“Free” Sugar Protectionism Is Not As Sweet As It Sounds

“Free” Sugar Protectionism Is Not As Sweet As It Sounds

The Department of Justice recently sued to stop a merger of two sugar companies to help preserve industry competition. Since consumers’ main interest in competition is to produce higher outputs and lower prices, the government’s stated rationale is inconsistent with the damage its long-maintained sugar policy has imposed on both producers and consumers.

Since the Sugar Act of 1937, domestic sugar producers have profited from production controls and stringent sugar import limits, creating a government-enforced cartel substantially boosting prices to American users. As reported by Alden Abbott and Andrew Mercado, sugar that now costs 19 cents a pound outside America costs us 37 cents a pound, with the differential sometimes exceeding a factor of three.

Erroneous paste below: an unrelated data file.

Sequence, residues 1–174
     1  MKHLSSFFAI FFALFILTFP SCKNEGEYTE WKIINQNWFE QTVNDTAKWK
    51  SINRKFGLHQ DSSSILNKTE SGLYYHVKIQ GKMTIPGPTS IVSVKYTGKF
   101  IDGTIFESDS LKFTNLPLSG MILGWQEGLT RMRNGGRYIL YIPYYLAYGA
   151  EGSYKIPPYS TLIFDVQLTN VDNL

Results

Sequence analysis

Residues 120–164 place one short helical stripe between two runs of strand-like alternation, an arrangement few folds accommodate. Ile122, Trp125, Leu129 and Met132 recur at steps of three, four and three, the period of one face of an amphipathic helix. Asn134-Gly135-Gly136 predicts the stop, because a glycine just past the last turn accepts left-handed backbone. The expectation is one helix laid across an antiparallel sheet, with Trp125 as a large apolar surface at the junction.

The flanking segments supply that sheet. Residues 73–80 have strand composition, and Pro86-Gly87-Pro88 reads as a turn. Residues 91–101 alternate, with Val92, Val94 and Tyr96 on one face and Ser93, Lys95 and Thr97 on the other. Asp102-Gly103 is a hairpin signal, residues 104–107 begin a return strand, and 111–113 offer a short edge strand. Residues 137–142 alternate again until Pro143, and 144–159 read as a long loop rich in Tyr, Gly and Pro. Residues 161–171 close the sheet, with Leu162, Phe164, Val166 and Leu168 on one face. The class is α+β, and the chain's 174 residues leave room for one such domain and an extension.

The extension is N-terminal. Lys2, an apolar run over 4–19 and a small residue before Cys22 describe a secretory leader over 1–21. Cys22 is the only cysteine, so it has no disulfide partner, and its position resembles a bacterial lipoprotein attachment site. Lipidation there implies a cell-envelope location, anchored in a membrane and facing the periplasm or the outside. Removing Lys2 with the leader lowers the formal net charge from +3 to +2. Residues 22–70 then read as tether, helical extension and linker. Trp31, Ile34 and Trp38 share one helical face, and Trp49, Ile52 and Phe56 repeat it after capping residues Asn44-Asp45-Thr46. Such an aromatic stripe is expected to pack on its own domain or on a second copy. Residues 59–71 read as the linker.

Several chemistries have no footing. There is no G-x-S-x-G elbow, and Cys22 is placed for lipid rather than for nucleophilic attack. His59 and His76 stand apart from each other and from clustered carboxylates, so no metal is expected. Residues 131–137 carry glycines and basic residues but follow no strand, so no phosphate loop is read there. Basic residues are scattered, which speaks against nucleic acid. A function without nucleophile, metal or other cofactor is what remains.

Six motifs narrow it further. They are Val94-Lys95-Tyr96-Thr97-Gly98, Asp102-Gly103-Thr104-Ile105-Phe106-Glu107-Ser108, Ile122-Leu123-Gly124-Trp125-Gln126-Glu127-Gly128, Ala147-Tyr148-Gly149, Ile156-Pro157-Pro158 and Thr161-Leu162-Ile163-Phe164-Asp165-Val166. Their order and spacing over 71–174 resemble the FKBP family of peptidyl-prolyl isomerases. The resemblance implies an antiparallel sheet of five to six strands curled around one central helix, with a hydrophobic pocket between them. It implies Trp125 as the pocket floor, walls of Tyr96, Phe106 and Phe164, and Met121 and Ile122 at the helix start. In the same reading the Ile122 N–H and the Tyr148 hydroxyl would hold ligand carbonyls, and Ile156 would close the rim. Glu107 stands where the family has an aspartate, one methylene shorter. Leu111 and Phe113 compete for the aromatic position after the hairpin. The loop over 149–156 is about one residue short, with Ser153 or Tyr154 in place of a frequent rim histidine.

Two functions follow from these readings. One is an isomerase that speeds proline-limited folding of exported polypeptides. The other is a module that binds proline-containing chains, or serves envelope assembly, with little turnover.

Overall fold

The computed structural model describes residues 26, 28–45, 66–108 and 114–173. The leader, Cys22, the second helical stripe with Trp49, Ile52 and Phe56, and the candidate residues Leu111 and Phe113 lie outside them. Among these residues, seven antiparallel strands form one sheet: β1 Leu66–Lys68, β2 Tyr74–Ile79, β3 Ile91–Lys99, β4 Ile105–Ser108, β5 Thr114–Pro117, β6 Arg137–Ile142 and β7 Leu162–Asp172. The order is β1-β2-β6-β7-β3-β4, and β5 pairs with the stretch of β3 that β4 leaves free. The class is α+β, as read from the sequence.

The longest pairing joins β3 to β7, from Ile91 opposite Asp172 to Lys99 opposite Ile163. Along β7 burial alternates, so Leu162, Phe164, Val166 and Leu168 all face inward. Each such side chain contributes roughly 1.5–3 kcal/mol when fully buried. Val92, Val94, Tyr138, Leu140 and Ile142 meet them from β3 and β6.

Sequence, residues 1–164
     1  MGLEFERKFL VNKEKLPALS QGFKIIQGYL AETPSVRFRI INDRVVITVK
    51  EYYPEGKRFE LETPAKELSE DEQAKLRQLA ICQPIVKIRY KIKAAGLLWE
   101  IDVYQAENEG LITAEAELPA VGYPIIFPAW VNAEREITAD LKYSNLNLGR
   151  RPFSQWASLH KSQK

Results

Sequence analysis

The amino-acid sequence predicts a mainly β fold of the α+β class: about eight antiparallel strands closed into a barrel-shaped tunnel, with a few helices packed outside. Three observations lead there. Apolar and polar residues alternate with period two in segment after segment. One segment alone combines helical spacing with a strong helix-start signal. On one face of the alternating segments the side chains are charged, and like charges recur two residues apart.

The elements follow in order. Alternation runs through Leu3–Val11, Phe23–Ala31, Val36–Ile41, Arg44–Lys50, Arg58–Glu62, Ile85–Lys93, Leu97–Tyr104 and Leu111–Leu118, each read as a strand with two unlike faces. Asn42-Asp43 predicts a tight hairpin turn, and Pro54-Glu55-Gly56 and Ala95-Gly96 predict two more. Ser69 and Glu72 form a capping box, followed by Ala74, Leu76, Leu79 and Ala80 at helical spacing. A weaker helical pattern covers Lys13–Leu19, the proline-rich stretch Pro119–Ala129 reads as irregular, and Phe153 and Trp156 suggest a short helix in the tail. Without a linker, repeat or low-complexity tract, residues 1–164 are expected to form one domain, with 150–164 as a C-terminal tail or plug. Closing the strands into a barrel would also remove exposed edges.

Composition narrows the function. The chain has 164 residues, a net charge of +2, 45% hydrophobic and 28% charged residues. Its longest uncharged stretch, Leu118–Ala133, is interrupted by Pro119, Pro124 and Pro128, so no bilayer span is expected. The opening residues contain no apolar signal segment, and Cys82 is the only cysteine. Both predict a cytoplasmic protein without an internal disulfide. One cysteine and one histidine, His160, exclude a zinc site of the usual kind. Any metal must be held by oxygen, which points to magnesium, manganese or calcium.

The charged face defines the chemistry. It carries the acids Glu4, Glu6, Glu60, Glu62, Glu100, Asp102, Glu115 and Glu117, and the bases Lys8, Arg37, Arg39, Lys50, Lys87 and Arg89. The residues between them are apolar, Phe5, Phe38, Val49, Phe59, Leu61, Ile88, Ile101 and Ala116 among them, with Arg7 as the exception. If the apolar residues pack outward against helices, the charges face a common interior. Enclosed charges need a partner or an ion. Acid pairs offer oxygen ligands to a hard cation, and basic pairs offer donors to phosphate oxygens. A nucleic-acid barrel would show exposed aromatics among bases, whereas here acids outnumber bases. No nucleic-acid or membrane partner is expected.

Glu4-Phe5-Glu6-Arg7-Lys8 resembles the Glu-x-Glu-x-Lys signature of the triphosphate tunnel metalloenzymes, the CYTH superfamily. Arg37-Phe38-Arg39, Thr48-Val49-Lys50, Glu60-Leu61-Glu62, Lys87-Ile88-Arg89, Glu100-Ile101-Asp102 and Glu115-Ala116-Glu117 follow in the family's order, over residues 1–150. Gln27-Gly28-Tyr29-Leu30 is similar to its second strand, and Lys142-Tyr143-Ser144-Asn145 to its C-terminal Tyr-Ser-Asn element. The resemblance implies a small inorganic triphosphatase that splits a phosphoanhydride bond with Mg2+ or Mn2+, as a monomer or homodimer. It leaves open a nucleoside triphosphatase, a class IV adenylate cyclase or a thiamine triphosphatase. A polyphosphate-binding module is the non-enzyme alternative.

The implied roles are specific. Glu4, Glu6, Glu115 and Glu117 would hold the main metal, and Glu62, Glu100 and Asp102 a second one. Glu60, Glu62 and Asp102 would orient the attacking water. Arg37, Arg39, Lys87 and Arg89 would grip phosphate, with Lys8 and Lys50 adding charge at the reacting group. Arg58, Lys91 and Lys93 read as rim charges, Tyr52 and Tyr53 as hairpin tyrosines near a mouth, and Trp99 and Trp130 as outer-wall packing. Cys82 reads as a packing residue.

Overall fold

As with all protectionism beneficiaries, the sugar lobby employed all manner of bogus arguments to defend it (aptly characterized by William…

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